JEFF AMENT: I mean, I didn’t. The only thing that I knew is, we had done a song like five years before, [after] a good common friend of ours from Seattle had suddenly passed away. I had written a song, “Comeback Player of the Year,” which is on this record. Because John had worked with our friend, I asked if he wanted to come up and put drums on it. He brought all these super weird drums, and he was playing a really unorthodox beat, and I just thought it was the most amazing add-on to this song that I could have thought of. And so in the back of my mind, when I started writing these other songs, I started thinking about what he did to that song. I just knew he’d be the perfect collaborator for this stuff.
As you actually started working on these songs, how did you mesh your style with his?
JEFF AMENT: I think it was mostly just about being open-minded. Because I initiated [this project], most of the songs had verses and choruses and maybe a bridge and an outro, and the lyrics were mostly down. I was just trying not to be precious about any of that stuff, and there was a handful of times where he would keep the vocal in and replace almost everything else, and I was just staying open-minded about that. I was telling myself that sometimes, even though you might have these weird little rules about the things that you won’t do, I think that can hurt you as a musician. And he was really open-minded with me, coming back and sometimes saying, “I think we went too far with that so let’s dial that back a little bit.” I remember he asked me, “What are you hearing this stuff sounding like?” I said, “I think about The Clash when they were at their most experimental, like Sandinista!. Let’s get into that world, but still have it be songs.” So I think they were a huge influence. I think the band Suicide was a big influence. Some of the more experimental aspects of Devo. And post-punk like Romeo Void came up because we were talking about adding saxophone, but I didn’t want the saxophone to be rock and roll-y; I wanted it to be sort of atonal and more of the John Lurie, James Chance kind of New York “no wave” vibe. So yeah, it’s all over the place, which I love.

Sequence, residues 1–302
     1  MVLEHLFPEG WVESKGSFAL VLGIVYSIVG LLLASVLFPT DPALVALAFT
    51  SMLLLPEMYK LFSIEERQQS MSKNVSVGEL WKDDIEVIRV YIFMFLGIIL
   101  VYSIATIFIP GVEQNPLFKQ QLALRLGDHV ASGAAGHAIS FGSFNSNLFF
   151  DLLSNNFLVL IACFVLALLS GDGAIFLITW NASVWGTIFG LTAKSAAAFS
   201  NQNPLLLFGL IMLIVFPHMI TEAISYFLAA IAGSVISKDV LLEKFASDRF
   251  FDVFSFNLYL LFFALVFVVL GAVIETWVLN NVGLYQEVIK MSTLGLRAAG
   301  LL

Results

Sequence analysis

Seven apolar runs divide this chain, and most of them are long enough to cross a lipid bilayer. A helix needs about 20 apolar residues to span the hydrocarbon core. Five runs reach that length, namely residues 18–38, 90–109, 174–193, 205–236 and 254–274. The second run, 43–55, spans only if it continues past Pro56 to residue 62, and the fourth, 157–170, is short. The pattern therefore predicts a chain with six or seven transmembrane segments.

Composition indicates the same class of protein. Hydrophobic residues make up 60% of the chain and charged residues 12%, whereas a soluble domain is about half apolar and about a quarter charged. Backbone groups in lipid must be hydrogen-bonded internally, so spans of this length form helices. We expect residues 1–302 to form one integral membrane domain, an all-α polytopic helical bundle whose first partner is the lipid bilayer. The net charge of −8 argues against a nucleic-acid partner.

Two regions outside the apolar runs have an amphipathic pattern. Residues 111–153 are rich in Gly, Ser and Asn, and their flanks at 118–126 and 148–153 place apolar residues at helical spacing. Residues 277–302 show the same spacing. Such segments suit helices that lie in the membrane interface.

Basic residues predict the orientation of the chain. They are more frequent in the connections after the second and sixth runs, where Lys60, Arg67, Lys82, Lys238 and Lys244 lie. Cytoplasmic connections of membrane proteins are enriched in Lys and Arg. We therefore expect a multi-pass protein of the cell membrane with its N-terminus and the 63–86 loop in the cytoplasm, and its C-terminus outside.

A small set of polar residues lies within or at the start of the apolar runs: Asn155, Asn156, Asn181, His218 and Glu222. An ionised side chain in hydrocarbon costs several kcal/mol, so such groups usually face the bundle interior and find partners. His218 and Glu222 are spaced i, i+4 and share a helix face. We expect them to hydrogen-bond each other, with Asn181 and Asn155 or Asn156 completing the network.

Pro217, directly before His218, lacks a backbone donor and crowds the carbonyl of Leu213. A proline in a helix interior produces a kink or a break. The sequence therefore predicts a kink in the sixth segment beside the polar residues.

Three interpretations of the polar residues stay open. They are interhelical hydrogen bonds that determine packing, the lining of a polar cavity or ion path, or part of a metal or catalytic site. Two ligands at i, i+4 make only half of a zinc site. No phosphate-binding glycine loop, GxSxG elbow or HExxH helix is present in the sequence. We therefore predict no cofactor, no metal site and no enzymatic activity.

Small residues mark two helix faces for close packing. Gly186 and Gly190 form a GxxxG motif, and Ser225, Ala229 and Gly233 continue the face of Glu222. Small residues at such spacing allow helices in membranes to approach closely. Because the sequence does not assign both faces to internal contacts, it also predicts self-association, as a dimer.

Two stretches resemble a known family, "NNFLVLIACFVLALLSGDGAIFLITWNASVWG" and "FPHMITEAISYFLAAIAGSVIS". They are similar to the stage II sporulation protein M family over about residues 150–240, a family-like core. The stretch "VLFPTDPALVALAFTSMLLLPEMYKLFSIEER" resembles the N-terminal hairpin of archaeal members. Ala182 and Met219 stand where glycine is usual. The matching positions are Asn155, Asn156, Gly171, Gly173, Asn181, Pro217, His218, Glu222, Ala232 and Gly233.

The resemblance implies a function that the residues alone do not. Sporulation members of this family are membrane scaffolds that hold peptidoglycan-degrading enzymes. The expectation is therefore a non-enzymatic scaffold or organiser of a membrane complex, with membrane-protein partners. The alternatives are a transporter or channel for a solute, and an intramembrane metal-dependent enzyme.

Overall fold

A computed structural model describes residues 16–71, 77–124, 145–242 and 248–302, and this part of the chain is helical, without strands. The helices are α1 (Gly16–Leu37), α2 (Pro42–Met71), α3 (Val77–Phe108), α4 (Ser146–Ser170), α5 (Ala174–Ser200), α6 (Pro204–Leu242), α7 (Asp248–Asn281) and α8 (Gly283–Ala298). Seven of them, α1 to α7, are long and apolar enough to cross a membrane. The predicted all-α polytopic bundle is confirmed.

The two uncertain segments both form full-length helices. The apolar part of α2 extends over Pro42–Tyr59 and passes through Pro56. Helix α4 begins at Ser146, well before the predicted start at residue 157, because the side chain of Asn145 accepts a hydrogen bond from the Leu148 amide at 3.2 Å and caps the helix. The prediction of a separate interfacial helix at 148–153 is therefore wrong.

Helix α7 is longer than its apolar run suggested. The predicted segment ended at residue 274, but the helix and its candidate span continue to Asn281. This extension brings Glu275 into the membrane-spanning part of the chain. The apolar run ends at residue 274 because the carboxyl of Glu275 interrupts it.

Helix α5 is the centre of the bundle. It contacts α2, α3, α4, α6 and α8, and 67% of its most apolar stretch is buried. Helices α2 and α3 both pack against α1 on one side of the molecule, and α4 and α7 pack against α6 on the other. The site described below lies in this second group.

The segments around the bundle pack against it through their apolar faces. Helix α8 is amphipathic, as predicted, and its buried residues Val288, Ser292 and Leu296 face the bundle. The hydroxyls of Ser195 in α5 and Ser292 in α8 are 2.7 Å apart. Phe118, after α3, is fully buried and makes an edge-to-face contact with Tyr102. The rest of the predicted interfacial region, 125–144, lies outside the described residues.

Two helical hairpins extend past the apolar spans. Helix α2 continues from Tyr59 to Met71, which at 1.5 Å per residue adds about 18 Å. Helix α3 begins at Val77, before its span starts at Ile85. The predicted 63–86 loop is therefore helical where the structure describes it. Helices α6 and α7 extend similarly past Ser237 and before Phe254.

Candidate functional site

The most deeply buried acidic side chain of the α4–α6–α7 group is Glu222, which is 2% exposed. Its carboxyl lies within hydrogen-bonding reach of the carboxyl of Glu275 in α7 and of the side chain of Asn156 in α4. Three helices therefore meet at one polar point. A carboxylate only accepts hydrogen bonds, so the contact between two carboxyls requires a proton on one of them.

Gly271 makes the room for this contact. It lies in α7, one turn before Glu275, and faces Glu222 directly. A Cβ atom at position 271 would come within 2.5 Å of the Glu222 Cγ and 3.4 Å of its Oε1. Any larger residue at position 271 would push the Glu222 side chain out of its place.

Lyrically, did you have any particular themes in mind?
JEFF AMENT: I think some of the stuff is a little bit dark because of what was going on at the time politically, environmentally – we just can’t get away from those topics. John was really good at pulling some of that stuff into a little bit more positive territory, giving the songs a little bit more hope.
How did you learn to write like this in the first place?